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Scientist hopes Sarawak will be centre for development of orang utan-human communication


KUCHING: Sarawak is being offered the unique opportunity to set up a centre where orang utans can learn to ‘talk’ to humans.

Renowned ethnologist and primatologist Dr Francine Neago hopes the state will agree to open the orang utan language study centre, which would be the first of its kind in this part of the world.

Primates in the centre will learn English language skills in order to communicate through a computer spelling programme. If the plan succeeds, Sarawak will be at the apex of research into orang utans and endangered species.

“I need a land big enough for me to stay with an orang utan between one and three years old and teach him spelling in English using the computer. Each individual’s learning skill differs but it will normally take one year for an orang utan to adapt to it,” she told The Star in an interview here.

She arrived on Thursday on a fact-finding mission and to meet the authorities as well as academicians here to put forward her ideas about the project.

Dr Neago explained that it would take a few months for an orang utan to learn English, followed by up to six months playing with coloured learning blocks to recognise phonetic spelling and finally the orang utan would be taught to read and spell on a specially designed computer.

As orang utans need a lot of attention, Dr Neago said it was crucial for a human teacher and a student primate to live together 24 hours a day with no other orang utans around to secure bonding before language learning starts.

“They (orang utan) love to learn and want to express themselves. They are very intelligent, they are just like normal children but a bit retarded.”

The medical doctor, who had spent more than 40 years studying and caring for orang utans, said the result of the study would provide invaluable data for the research of language learning and have positive impact on many different scientific fields such as psychology, psychiatry, anthropology, zoology and ethology.

“The centre will bring in a lot of scientists from abroad to Sarawak,” she said. “This is a unique programme. People should know how important it is. We can also get volunteers and students to come here and study.”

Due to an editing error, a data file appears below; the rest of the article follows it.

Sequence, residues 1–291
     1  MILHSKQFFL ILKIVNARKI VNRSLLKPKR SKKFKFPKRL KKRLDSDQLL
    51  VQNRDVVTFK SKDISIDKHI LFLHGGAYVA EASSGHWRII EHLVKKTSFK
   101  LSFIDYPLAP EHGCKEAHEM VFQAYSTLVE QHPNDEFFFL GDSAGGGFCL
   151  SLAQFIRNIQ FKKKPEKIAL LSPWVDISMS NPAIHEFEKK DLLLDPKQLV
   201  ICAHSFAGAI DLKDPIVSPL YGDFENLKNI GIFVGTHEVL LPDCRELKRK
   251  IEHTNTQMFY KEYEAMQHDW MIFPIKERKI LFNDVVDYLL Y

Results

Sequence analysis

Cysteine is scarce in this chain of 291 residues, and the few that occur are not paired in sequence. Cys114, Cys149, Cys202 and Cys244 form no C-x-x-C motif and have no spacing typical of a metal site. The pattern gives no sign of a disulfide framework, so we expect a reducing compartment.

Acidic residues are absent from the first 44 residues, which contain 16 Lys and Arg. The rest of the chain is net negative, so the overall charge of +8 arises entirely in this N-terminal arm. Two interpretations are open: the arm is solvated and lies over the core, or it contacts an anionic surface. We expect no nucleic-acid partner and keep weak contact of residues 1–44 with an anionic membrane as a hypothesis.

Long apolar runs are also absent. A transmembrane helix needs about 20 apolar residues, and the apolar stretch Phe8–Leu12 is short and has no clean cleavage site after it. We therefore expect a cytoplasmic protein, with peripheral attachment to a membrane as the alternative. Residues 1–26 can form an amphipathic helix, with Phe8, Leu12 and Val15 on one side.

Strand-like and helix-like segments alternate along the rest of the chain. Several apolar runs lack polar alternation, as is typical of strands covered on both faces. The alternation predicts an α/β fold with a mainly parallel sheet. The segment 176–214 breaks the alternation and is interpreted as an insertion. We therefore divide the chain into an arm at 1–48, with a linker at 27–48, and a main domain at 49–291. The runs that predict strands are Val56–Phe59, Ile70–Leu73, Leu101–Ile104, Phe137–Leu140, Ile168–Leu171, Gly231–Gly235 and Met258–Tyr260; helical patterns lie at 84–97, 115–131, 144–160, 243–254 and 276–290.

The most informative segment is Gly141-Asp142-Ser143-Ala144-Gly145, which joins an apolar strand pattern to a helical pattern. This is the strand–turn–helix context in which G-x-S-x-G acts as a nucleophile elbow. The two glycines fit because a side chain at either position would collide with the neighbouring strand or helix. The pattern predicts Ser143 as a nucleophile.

Dr Neago, the first scientist to direct an orang utan study in the world, had successfully proven that the intelligent primate could acquire sign language and phonetic spelling.

In a 12-year study programme at the University of California, Los Angeles, Dr Neago taught a one-year-old orang utan called Bulan to express itself through a computer using up to 150 words.

Unfortunately, Bulan was accidentally killed by a chimpanzee during training. Otherwise, Bulan could have learnt up to 500 words, said Dr Neago.

Similar studies were subsequently carried out by many other scientists in United Kingdom and the US but none were successful.

The scientific world is expecting the continuation of this study as it has shed new light on the debate of language teaching to primates.

These studies on the cognitive process have already induced several methods of teaching human children who have learning disabilities in the educational system in the US.

“I wish to continue the study here in this part of the world, which could also assist in the preservation of endangered species that are unique.”

Having failed to start the project in Indonesia due to lack of support and technical difficulties, Dr Neago hopes to realise it in Sarawak and she hoped that the state authorities concerned would be supportive of the plan.

After setting up the language centre, her long-term plan is to start a school for animal behaviour on a site that is at least 10 acres where scientists can study the behaviour of endangered animals.

The site, proposed to be called “Noah and His Ark”, would also serve as a sanctuary for endangered species, she said.

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